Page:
Knitting Could Delay Dementia, Fight PTSD


According to various studies throughout the years, it has been demonstrated that knitting could delay dementia and fight PTSD. People like Sarah Huerta, who experienced a traumatic loss and developed post-traumatic stress disorder, find comfort in this hobby which seizes their attention and calms down severe anxiety which can be triggered by actions like stepping outside the house or driving a car. As CNN reports, experts stateĀ that crafting can help people suffering from depression, anxiety or chronic pain, but hobbies can also can also alleviate stress, boost happiness and protect the brain from dementia and Alzheimer’s disease.

Although little research has been done particularly on crafting, studies on cognitive activities like knitting have led neuroscientists to believe that this activity, along with others like doing crossword puzzles, could delay dementia and fight PTSD. Catherine Carey Levisay, a clinical neuropsychotherapist and spouse of chief executive John Levisay, stated that creating is beneficial for health, no matter if people choose to decorate a cake, knit, draw or photograph.

Psychologist Mihaly Csikszentmihalyi described the phenomenon as flow, which best describes the moments in which a person is so absorbed by an activity, that nothing else matters. Therefore, when knitting, doing crossword puzzles, cooking or indulging in other recreational activities, a person is fighting PTSD without even knowing. During a TED talk in 2004, Csikszentmihalyi stated that flow is the secret to happiness, because since the nervous system can only process a certain amount of information at a time, the entire existence outside the activity becomes “temporarily suspended.”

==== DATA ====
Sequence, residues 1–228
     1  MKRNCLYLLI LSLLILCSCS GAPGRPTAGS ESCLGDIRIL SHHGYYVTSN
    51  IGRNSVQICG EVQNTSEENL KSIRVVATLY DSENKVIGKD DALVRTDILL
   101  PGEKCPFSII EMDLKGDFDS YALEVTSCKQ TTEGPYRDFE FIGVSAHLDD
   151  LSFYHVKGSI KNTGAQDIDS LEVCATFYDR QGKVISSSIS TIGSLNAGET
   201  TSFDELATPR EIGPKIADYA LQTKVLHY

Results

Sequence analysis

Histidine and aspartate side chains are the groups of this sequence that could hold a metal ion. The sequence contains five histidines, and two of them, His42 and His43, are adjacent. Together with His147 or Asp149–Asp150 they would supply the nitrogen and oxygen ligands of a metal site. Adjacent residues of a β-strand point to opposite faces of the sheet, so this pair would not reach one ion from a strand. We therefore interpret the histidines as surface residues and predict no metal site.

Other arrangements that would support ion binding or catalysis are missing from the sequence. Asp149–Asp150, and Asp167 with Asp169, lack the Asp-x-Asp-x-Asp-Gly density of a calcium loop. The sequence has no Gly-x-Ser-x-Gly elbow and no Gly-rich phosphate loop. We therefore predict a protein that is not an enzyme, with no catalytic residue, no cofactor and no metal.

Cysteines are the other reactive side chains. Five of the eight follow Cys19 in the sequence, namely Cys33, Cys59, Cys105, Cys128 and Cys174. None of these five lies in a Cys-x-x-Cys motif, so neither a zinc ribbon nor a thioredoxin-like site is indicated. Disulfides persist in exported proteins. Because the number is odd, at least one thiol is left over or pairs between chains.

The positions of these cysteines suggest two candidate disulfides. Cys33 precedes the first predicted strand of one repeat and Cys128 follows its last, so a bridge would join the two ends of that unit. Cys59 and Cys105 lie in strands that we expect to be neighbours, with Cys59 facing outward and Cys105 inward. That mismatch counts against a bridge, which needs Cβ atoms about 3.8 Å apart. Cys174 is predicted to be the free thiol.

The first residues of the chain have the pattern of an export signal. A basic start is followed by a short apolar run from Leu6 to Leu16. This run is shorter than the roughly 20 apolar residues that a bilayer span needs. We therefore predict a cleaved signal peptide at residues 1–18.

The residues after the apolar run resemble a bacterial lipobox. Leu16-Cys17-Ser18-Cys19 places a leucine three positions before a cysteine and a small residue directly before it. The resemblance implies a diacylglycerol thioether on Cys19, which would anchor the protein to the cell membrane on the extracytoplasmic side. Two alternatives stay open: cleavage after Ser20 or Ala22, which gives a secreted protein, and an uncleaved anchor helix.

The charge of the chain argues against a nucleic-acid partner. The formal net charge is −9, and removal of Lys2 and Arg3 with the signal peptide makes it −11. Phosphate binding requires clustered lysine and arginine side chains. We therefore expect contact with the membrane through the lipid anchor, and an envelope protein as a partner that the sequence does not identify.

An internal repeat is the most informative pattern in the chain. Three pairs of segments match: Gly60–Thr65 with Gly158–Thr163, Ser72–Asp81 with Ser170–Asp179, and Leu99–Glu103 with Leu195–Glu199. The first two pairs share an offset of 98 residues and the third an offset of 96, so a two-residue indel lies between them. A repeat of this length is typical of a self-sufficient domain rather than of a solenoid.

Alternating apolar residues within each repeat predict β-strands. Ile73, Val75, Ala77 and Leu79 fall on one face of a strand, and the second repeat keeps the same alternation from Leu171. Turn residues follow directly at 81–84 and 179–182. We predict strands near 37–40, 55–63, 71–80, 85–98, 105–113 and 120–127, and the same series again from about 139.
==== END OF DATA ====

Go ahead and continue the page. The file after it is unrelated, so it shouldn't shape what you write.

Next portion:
At the same time, occupational therapist Victoria Schindler, who wrote a paper called The Neurological Basis of Occupation along with co-author Sharon Gutman in 2007 stated that patients could use activities like knitting, drawing or other projects of this kind as a non-pharmaceutical manner to balance strong emotions or even prevent irrational thoughts. Levisay supports Schindler’s point of view because she believes that such activities could release dopamine, which is a “natural anti-depressant.” According to a study published in The British Journal of Occupational Therapy, 81 percent of the total of 3,500 knitters “with depression reported feeling happy after knitting.”

Neuroscientists also believe that people who knit could fight PTSD and delay dementia, especially since over 35 million people worldwide live with dementia and the number is expected to triple by 2050. A study carried out by researchers from Mayo Clinic in Minnesota concluded that people between the age of 50 and 65 have a 40 percent diminished risk of dementia and, in later life, those who continue knitting or patchworking reduce the risk by 30 to 50 percent. Sarah Day, Alzheimer’s Society’s head of public health stated that, since “one million people will develop dementia in the next 10 years,” scientists must find ways to prevent this condition. Moreover, a study published in 2011 in The Journal of Neuropsychiatry concluded that crafting, playing games or reading books could diminish the chances of developing mild cognitive impairment by maximum 50 percent and neuroscientist Doctor Yonas Geda assures peopleĀ “ageing does not need to be a passive process.” Various studies throughout the years led neuroscientists to believe that leisure activities like knitting could delay dementia and fight PTSD.

By Gabriela Motroc



BBC News


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